CaptainTid CaptainTid - 1 year ago 80
C++ Question

Can't successfully return a const char* I have created by calling c_str() on a string. (C++)

I have a class in my program that has a member variable, an int called number, and a member function, getName(), that is MEANT to return the words "Dice: #" as a const char*, but with the # replaced by the number stored in the class.

const char* getName(){
return "Dice:";

works perfectly well.

const char* getName(){
std::stringstream ss;
ss << number;
std::string s;
s = "Dice: " + ss.str();
return s.c_str();

does NOT work fine, and returns what seems to be garbage. I can't figure out the correct way to go about this. If I use cout to print
it prints what I expect.

Answer Source

The short and sweet answer is that you can't do this, the way you've set this up.

The std::string object from which you retrieve your c_str() is in the function's local scope. When the function returns that std::string object gets destroyed.


std::string s;

is a local function object. When the function returns it ceases to exist. It joins the choir invisible. It is no more. It's an ex-object.

And when a std::string object gets destroyed, any of its c_str()s are no longer valid. This is why you're getting garbage: undefined behavior.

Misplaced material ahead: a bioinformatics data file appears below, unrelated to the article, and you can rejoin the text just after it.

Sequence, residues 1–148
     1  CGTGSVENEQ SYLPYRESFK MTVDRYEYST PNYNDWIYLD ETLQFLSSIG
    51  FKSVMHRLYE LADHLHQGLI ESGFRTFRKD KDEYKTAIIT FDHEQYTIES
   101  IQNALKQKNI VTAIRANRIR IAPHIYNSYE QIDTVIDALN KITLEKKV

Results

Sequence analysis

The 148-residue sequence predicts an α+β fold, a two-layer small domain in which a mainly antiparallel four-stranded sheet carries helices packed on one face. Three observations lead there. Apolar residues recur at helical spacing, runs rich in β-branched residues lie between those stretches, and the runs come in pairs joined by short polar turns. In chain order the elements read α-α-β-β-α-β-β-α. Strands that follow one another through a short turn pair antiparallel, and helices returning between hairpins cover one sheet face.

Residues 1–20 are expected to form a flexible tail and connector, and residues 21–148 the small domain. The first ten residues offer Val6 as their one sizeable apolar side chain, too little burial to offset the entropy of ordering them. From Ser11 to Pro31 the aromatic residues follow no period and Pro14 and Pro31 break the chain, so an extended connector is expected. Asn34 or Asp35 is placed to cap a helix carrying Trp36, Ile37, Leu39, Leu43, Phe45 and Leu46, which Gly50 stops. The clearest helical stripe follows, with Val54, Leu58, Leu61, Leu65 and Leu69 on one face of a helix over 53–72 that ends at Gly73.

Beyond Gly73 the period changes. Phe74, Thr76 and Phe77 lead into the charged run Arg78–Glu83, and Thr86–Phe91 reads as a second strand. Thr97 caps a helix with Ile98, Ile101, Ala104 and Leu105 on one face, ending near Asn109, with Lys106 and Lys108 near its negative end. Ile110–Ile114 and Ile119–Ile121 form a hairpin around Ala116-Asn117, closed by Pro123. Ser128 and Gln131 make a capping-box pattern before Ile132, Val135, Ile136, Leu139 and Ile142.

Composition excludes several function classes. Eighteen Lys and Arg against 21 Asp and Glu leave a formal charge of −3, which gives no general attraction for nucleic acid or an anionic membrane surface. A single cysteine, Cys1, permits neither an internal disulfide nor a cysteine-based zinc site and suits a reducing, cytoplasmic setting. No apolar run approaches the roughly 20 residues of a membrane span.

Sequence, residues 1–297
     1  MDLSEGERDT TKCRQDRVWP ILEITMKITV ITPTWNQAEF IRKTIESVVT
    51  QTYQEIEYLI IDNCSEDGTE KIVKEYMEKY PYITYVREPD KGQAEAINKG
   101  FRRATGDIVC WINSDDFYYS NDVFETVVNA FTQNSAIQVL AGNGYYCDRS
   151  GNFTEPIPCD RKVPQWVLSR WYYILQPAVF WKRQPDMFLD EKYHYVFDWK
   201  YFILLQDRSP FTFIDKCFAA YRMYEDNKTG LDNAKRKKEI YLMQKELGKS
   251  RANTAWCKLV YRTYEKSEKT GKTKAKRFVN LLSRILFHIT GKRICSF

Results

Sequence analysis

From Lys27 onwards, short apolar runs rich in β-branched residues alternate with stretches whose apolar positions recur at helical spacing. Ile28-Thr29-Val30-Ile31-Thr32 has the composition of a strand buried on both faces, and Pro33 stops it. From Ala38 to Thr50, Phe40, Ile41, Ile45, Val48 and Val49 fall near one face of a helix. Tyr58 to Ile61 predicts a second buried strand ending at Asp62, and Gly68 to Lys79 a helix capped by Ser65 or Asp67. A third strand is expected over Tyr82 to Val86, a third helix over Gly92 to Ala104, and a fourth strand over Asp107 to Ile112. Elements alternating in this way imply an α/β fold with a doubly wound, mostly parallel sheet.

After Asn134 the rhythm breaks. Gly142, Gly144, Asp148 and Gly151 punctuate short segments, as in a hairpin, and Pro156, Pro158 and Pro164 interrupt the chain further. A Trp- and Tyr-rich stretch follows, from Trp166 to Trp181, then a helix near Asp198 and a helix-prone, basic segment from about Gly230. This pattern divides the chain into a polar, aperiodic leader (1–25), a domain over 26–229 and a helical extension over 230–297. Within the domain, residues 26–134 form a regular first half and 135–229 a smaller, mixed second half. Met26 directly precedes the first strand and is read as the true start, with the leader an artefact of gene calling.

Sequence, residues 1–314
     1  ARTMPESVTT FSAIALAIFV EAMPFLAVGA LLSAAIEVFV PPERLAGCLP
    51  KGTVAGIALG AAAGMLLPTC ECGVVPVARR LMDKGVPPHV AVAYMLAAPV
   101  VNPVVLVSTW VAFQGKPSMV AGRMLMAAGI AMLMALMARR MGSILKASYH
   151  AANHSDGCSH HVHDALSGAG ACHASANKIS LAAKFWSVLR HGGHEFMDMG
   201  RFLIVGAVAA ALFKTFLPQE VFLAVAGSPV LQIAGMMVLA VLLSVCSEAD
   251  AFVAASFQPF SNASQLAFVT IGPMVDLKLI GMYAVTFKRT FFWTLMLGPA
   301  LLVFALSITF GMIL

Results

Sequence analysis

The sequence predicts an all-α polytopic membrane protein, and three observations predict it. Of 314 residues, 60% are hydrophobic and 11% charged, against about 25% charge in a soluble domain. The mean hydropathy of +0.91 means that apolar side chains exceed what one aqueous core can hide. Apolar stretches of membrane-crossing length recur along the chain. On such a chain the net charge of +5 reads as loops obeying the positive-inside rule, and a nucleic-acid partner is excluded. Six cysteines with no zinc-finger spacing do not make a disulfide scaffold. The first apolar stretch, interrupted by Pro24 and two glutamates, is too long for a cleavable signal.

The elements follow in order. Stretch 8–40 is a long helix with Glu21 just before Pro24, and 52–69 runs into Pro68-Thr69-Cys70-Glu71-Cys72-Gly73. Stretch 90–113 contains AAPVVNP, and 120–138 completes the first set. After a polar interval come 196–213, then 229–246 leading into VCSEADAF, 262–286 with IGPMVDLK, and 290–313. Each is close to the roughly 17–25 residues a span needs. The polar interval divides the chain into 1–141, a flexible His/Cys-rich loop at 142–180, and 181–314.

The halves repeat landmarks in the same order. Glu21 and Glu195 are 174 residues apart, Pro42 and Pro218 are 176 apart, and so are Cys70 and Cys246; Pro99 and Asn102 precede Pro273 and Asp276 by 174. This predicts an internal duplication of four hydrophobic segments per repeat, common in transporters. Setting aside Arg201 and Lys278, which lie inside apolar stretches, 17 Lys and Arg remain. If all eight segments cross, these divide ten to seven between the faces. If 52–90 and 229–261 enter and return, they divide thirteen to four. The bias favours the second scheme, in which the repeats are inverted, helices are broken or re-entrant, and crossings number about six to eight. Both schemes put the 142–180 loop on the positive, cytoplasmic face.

There is no way to do this without changing the overall design of it, in some way. There are many ways to go forward. Some of the possibilities:

Return a std::string in the first place

Just return the std::string from getName(). Whoever calls it can store this std::string, for a while, and grab it's c_str() if it needs it.

Use a std::string with a different scope

If this getName() is a class method, you could have a private std::string class member, have getName() store the string there, and return its c_str().

Because the original std::string continues to exist, the returned c_str() remains valid. Note that there are some pitfalls here. If the caller calls getName() again, the previously-returned c_str() will no longer be valid.


Just get in the habit of using and working with std::strings in your C++ code. That's what they're for.

The name "c_str()" should be a clue. It gives you a string to be used with C code, if there's any C code lying around, in the near vicinity. It's a C string. Are you writing C code here? No, you're writing C++ code.

Unless you're writing C code, or are talking to a C library, there's no need to use c_str() in the first place. If you're writing C++ code, you should be using std::strings. If you need to call a C library function, call c_str() to pass the appropriate C library function parameter, and speak of this C string no more.

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